If you choose one habit for the new year, make it journaling. I know I’m biased in this exhortation, as writing expressively comes naturally for me. Words are my playground, and almost nothing brings me greater joy than stitching words across a page. Through every season of life, journaling has been not just a natural outlet but a necessary one, a buoy when life is difficult to manage.
For me, writing is a personal practice, but it’s also my profession. I teach academic and expressive writing for a living. I inhabit the world of words—or, more precisely, words inhabit every fiber of my life. However, you do not have to be a good writer or a professional writer to benefit from the habit of journaling. Anyone can do it and reap the rich benefits.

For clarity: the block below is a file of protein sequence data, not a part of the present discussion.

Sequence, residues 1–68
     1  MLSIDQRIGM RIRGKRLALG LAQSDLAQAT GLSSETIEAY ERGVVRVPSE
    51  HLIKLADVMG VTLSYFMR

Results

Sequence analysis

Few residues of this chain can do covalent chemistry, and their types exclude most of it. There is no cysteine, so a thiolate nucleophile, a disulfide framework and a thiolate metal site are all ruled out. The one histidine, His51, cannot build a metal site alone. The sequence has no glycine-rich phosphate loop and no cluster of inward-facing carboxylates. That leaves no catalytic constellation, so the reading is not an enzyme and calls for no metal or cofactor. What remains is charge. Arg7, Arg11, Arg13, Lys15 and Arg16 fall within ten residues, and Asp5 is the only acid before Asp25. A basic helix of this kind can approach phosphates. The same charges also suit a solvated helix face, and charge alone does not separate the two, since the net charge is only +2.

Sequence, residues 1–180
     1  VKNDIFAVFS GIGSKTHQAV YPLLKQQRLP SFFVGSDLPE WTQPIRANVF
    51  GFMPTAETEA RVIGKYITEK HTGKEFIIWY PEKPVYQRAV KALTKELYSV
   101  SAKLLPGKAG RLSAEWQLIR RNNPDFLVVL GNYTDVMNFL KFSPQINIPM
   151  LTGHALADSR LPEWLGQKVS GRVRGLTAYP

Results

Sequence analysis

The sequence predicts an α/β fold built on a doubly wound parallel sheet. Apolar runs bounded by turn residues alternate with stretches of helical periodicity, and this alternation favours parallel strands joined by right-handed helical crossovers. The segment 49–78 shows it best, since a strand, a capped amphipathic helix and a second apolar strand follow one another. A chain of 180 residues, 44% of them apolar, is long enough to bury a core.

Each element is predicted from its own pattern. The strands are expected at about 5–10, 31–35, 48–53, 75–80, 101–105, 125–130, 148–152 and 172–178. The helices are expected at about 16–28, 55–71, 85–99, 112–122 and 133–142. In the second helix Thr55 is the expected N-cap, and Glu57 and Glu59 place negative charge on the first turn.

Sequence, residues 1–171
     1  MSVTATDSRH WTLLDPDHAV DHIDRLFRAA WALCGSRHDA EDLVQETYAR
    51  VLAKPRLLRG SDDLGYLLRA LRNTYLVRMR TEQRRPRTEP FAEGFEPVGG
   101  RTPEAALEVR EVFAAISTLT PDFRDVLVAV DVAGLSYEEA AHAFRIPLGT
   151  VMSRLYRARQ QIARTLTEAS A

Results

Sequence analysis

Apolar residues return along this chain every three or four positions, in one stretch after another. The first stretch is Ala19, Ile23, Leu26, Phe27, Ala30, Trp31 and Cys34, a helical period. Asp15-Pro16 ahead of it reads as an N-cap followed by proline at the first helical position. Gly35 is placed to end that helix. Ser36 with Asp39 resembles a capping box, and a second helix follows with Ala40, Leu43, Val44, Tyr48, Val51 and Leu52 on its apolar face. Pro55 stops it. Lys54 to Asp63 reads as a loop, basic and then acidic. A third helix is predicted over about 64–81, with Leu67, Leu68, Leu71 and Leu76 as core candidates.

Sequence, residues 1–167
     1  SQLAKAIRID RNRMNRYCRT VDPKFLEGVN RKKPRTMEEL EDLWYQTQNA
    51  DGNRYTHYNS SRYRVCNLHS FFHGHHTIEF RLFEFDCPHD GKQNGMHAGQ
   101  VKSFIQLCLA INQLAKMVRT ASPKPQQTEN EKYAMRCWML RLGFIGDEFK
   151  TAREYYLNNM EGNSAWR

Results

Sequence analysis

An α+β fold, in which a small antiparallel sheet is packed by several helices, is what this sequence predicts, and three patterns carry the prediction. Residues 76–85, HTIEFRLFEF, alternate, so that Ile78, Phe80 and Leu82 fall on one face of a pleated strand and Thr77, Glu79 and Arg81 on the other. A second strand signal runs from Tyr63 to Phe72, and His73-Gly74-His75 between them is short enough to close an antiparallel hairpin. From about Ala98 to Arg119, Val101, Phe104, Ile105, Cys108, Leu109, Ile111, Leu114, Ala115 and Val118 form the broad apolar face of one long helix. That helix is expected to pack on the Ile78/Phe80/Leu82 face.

Perhaps, though, it would be helpful to dispel some of the preconceived notions around journaling. Let’s do an exercise to help with this. When I say the word journal, what comes to mind? For some, it’s the picture of their preteen self, sprawled on their bed, dreamily writing about their middle school crush. For others, it invokes the image of furious scribbling, “rage on the page,” a convenient way to dump all their conflicting emotions. Still others think of it as a luxury only for artistic souls.While journaling can be all those things, it’s not just for the daydreamer, the emotional wreck, or the artist.
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